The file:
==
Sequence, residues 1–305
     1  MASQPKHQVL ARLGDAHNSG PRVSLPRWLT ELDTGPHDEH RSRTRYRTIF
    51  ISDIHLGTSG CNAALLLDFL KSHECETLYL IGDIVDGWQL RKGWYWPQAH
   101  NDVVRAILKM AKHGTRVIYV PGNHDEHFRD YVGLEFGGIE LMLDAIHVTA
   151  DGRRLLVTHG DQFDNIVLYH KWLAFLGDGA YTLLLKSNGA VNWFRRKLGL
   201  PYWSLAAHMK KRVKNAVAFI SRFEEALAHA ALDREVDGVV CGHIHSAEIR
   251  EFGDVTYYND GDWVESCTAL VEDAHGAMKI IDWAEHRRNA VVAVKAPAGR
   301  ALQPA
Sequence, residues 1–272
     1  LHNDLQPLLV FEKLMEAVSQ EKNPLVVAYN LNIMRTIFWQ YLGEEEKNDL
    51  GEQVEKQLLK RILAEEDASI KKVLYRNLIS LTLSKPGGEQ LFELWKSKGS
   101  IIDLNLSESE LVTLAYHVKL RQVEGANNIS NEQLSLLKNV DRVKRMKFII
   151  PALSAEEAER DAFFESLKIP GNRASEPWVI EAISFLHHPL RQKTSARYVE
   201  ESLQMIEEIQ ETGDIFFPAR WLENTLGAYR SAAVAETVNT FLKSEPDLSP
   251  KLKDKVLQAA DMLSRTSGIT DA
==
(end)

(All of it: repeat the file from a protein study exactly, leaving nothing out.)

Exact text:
Sequence, residues 1–305
     1  MASQPKHQVL ARLGDAHNSG PRVSLPRWLT ELDTGPHDEH RSRTRYRTIF
    51  ISDIHLGTSG CNAALLLDFL KSHECETLYL IGDIVDGWQL RKGWYWPQAH
   101  NDVVRAILKM AKHGTRVIYV PGNHDEHFRD YVGLEFGGIE LMLDAIHVTA
   151  DGRRLLVTHG DQFDNIVLYH KWLAFLGDGA YTLLLKSNGA VNWFRRKLGL
   201  PYWSLAAHMK KRVKNAVAFI SRFEEALAHA ALDREVDGVV CGHIHSAEIR
   251  EFGDVTYYND GDWVESCTAL VEDAHGAMKI IDWAEHRRNA VVAVKAPAGR
   301  ALQPA
Sequence, residues 1–272
     1  LHNDLQPLLV FEKLMEAVSQ EKNPLVVAYN LNIMRTIFWQ YLGEEEKNDL
    51  GEQVEKQLLK RILAEEDASI KKVLYRNLIS LTLSKPGGEQ LFELWKSKGS
   101  IIDLNLSESE LVTLAYHVKL RQVEGANNIS NEQLSLLKNV DRVKRMKFII
   151  PALSAEEAER DAFFESLKIP GNRASEPWVI EAISFLHHPL RQKTSARYVE
   201  ESLQMIEEIQ ETGDIFFPAR WLENTLGAYR SAAVAETVNT FLKSEPDLSP
   251  KLKDKVLQAA DMLSRTSGIT DA